The Crumland and Thatcher/COPT properties offer the City (and the County) the opportunity to bring top-rate employers to the area, so that more of our residents can work near their homes. This is a fundamental principle of smart growth–to bring jobs to the places where people live. Increasing the number of good jobs that the City has to offer our community is exactly the type of growth that we should aggressively pursue. Success at this will allow more local residents to work where they live. This planning approach is acknowledged to be a very desirable sustainability practice. In addition, the businesses that create these jobs will not be a drain on city and county finances, but rather will bring in more revenues than the cost to support them. And the development of such employment centers off of US 15 will include significant green spaces that can be beautifully landscaped; there will be no new residences on the Thatcher/COPT land, and the residences on the Crumland property will be far away from US 15. The best place for big employment centers is close to the City.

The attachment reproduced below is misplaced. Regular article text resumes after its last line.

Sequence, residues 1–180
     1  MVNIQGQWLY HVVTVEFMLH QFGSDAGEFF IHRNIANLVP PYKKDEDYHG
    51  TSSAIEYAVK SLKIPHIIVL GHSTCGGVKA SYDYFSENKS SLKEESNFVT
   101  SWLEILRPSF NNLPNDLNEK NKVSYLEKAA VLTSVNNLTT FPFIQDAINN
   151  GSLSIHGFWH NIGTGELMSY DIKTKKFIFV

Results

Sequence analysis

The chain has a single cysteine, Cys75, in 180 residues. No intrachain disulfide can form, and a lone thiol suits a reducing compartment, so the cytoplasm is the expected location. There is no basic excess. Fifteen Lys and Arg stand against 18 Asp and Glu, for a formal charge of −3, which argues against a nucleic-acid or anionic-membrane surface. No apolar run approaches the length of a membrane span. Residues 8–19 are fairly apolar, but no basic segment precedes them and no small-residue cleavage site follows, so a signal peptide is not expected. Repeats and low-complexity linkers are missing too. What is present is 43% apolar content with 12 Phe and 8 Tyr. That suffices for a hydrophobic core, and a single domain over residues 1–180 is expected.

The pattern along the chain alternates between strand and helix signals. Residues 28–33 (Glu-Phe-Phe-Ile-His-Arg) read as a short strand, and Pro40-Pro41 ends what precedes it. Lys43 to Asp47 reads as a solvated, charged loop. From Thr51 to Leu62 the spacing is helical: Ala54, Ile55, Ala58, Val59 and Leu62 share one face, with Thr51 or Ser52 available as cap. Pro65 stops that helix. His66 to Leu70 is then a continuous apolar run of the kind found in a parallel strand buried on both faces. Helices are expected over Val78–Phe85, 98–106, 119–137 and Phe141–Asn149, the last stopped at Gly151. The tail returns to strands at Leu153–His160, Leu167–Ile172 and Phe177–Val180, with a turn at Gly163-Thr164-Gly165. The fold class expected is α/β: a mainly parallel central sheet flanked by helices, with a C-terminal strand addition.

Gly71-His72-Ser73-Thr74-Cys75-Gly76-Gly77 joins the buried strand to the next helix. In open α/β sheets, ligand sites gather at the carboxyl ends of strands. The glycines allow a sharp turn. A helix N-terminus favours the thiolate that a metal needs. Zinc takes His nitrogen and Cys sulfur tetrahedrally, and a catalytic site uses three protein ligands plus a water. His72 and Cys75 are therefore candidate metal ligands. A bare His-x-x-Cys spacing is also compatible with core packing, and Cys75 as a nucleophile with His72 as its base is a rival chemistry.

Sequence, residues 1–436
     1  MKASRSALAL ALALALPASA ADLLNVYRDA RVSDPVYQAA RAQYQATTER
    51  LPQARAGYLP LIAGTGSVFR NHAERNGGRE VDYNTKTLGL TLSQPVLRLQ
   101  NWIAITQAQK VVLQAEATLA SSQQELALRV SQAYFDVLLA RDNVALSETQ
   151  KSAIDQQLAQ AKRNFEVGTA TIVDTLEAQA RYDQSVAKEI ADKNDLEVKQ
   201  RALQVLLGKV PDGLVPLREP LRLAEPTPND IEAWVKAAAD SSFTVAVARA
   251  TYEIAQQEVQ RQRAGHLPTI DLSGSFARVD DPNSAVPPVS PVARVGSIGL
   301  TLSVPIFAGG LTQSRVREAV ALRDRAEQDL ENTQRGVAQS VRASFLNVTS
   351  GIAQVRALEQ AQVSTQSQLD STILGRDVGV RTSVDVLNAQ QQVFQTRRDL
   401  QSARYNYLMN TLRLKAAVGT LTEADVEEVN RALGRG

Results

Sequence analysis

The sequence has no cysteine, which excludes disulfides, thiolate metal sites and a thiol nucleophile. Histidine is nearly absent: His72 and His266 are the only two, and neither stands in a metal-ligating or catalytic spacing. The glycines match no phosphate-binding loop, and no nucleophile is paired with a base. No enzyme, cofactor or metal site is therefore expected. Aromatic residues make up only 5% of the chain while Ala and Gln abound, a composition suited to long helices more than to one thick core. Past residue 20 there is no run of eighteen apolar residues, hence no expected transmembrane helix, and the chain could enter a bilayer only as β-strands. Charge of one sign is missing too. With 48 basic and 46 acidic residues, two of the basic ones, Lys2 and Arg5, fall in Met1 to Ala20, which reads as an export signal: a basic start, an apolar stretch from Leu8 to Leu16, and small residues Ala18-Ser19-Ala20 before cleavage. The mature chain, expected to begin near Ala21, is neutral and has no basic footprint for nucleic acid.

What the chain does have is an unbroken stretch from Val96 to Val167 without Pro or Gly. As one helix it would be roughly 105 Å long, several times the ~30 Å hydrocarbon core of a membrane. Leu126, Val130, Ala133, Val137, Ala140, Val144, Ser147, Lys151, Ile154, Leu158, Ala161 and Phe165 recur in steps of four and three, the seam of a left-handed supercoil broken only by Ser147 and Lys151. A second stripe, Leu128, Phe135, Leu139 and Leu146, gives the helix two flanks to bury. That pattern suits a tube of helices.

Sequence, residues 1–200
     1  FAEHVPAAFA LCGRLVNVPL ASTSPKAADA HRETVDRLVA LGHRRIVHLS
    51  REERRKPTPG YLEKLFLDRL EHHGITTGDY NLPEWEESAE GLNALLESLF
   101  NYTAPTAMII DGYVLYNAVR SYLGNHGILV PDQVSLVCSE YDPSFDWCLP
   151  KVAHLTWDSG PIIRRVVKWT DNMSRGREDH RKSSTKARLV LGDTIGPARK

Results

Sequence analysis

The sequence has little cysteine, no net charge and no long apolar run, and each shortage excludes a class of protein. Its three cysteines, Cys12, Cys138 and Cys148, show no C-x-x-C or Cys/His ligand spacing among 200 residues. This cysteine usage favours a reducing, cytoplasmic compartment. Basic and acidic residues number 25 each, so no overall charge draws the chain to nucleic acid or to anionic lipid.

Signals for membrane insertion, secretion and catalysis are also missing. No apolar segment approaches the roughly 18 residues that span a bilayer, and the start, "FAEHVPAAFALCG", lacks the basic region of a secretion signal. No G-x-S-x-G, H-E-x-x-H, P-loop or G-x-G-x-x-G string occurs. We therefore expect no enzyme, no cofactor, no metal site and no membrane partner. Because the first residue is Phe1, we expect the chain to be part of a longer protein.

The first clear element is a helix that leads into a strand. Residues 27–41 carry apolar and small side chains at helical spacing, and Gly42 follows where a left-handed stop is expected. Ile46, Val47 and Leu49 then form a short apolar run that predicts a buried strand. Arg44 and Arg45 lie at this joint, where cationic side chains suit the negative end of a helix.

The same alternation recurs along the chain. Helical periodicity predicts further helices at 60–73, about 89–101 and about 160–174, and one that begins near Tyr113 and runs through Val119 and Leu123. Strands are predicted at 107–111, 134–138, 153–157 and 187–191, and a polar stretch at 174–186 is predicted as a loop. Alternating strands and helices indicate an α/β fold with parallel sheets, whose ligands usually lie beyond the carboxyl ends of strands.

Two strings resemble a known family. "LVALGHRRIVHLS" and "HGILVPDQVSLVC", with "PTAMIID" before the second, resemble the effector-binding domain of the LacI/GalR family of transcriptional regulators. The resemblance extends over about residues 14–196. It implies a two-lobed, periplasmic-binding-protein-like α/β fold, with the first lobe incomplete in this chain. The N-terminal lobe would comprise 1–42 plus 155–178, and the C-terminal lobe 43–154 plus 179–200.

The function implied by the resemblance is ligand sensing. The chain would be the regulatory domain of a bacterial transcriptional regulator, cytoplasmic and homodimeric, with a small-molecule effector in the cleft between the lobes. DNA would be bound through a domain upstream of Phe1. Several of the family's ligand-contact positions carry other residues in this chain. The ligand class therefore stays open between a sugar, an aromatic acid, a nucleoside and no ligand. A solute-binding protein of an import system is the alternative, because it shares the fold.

The residential development of the Crumland Farm property is contingent upon the developer first improving one mile of Willowbrook Road. This is an expensive and sorely needed road improvement that can eventually be extended to the Biggs Ford Road interchange. This area of residential development can help serve many of the 3,000 new jobs that will be coming to Ft. Detrick. And, again, the Biggs Ford Road interchange can relieve substantial traffic that comes south on US 15 and which currently exits onto Hayward Road or Opossumtown Pike.
The Crumland and Thatcher/COPT properties are both very large—large enough to be attractive to national, Fortune 500-type companies. There are very few, if any remaining tracts of land around the City that are large enough, and that have the easy access to a major highway, so that they could attract the best companies. The Crumland and Thatcher/COPT properties are uniquely attractive to the employers that the City seeks to attract. This type of growth, in these areas, provides a good transition from the city to the rural parts of the county. And, again, the best planning principles would place the major employment campuses exactly at such a spot. Both properties are right next to the proposed major transit stop at Monocacy Blvd. and US 15.